by Sia Mohajer
“A hero is an ordinary individual who finds the strength to persevere and endure in spite of overwhelming obstacles.”
What makes us love Harry Potter or most action movies? Why do we always cheer for the good guys? Why do we love a good story of challenge, perseverance and triumph?
Why makes these stories timeless?
The story of the hero has not changed for thousands of years. Since ancient times our traditions and culture venerate the myth of the hero on a mission. A hero leaves his or her home, faces challenges, triumphs and usually returns home as a changed man or women.
In 1990 the late American writer and intellectual Joseph Campbell wrote of the hero’s journey — the mythological journey that all men and women go through in life. He believed that the highest purpose in life was to complete this journey like some mythological voyage.
A hero is without shape and beyond time; the human need for heroes transcends all cultures.
The Need For a Story
What makes a hero unforgettable is not their strength but rather their will. We admire their ability to transcend defeat and persevere. When we watch them we temporarily become them. We live vicariously through them. This is the lure of sports — an average person can experience the glory of the players.
What makes a hero so undefeatable? What makes him stand up after being knocked down a hundred times? The answer is simple. A story. Not just any story, but one that involves a deeply personal path that the individual walks alone.
It may be a story that his or her grandparents told them while sitting around the fire or one a mentor once inspired in them or perhaps it’s the result of some deeply powerful event.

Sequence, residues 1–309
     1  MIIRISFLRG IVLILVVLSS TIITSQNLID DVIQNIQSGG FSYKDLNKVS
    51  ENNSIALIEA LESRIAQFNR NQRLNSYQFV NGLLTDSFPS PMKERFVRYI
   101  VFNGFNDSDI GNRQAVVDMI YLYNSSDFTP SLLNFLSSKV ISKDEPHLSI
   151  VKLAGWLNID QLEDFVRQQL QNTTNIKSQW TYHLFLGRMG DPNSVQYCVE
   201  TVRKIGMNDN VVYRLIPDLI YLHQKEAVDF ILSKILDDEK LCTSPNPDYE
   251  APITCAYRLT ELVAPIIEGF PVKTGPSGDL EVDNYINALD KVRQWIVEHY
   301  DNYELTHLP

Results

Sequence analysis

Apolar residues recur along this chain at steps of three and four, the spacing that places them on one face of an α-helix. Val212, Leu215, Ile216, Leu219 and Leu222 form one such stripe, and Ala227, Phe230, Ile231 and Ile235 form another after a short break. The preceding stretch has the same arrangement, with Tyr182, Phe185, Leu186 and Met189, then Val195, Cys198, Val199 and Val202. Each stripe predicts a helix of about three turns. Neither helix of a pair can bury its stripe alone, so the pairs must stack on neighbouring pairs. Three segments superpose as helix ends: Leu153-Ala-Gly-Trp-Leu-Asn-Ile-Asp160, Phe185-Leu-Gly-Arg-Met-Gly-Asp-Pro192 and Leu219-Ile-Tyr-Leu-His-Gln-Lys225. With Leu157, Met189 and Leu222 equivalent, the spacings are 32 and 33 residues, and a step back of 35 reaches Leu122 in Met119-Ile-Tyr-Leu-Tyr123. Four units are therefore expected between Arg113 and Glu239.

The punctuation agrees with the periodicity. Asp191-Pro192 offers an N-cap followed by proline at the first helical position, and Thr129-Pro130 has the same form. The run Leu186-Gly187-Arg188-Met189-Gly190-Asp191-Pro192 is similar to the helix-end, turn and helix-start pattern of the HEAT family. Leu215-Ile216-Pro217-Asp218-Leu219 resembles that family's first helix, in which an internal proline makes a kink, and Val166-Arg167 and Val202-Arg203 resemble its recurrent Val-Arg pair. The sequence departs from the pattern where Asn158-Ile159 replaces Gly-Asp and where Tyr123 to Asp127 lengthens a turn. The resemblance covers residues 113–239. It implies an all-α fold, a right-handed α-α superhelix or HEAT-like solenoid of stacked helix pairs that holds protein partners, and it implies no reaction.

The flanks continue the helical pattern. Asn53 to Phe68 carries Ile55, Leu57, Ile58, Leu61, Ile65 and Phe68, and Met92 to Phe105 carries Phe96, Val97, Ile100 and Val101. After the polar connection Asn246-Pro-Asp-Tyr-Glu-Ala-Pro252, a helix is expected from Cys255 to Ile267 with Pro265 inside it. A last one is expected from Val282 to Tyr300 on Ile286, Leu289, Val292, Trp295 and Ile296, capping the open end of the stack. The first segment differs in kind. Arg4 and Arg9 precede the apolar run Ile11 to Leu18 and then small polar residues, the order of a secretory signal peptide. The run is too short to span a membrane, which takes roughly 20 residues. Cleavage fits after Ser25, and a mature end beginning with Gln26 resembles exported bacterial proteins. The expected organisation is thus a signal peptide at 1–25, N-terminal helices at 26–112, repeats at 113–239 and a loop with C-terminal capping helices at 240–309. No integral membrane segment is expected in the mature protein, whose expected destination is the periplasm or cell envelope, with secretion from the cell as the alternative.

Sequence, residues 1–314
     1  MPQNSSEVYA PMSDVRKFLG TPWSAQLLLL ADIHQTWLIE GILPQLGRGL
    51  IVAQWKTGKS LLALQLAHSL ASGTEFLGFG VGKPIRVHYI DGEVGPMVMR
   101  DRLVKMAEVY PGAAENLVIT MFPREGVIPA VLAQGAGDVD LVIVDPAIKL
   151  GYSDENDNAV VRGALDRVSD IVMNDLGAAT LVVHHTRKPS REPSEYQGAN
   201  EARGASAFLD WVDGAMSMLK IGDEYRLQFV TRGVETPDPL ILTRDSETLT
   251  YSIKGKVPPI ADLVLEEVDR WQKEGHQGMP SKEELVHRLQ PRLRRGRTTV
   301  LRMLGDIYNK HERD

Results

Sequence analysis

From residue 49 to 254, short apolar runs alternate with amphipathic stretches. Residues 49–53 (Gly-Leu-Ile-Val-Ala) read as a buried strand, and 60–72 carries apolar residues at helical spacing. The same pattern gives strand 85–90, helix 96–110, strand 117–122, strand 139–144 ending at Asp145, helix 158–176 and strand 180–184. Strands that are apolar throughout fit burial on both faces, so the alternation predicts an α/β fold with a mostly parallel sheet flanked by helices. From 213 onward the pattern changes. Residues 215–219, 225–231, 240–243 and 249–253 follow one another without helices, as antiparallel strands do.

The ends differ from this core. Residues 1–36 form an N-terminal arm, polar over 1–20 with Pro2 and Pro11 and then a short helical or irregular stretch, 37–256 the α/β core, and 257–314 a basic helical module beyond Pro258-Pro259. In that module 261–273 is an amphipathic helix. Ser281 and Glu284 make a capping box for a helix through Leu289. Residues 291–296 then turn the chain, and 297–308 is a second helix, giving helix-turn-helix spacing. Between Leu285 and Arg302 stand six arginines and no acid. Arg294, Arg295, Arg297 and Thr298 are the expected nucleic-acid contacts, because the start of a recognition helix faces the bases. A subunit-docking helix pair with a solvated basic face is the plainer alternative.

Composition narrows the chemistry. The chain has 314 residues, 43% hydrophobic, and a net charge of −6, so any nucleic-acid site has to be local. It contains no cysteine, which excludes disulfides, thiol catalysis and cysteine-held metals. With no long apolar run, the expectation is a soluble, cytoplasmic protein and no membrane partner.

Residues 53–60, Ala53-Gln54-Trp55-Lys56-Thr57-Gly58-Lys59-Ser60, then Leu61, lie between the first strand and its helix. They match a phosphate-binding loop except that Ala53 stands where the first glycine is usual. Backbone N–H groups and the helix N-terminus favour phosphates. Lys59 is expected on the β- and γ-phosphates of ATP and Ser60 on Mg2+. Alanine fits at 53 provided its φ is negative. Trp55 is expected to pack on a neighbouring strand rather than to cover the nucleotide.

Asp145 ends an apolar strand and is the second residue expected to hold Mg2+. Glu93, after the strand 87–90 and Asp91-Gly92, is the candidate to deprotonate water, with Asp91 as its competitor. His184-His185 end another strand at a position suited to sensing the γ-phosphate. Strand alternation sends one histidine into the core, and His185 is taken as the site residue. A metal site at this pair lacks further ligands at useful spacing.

Regardless of the medium, the story has been absorbed deep into the hero. The ups and downs of his/her adventure are not seen as separate events but rather as parts of one whole.
Like a beautiful cloth the ups and downs of the journey weave together to form his life.
This is real motivation — motivation that sees past the failures and successes to some grander purpose of life.
Each goal, each step, each time you fall down is seen within a bigger context. Like seeing the forest in its beautiful entirety, a hero doesn’t focus on the individual trees and plants.
Focus Rather Than Reaction
When we look at the bigger picture of our lives, we see the highs and lows as part of the journey. We avoid myopically focusing on separate goals and focusing our attention on a million different tasks. Instead of just reacting to events, we keep our focus.
To be honest, I have stumbled for the majority of my life looking for real motivation — one that lasts. I have jumped from goal to goal like a series of unsuccessful college romances.
My goals have served me well, but my direction hasn’t remained consistent.
It wasn’t until I questioned what was MOST important for me that my story became more well-defined. I wanted to do too many things in life. I can’t be the hero of my own story if I am trying to do everything and do nothing at the same time.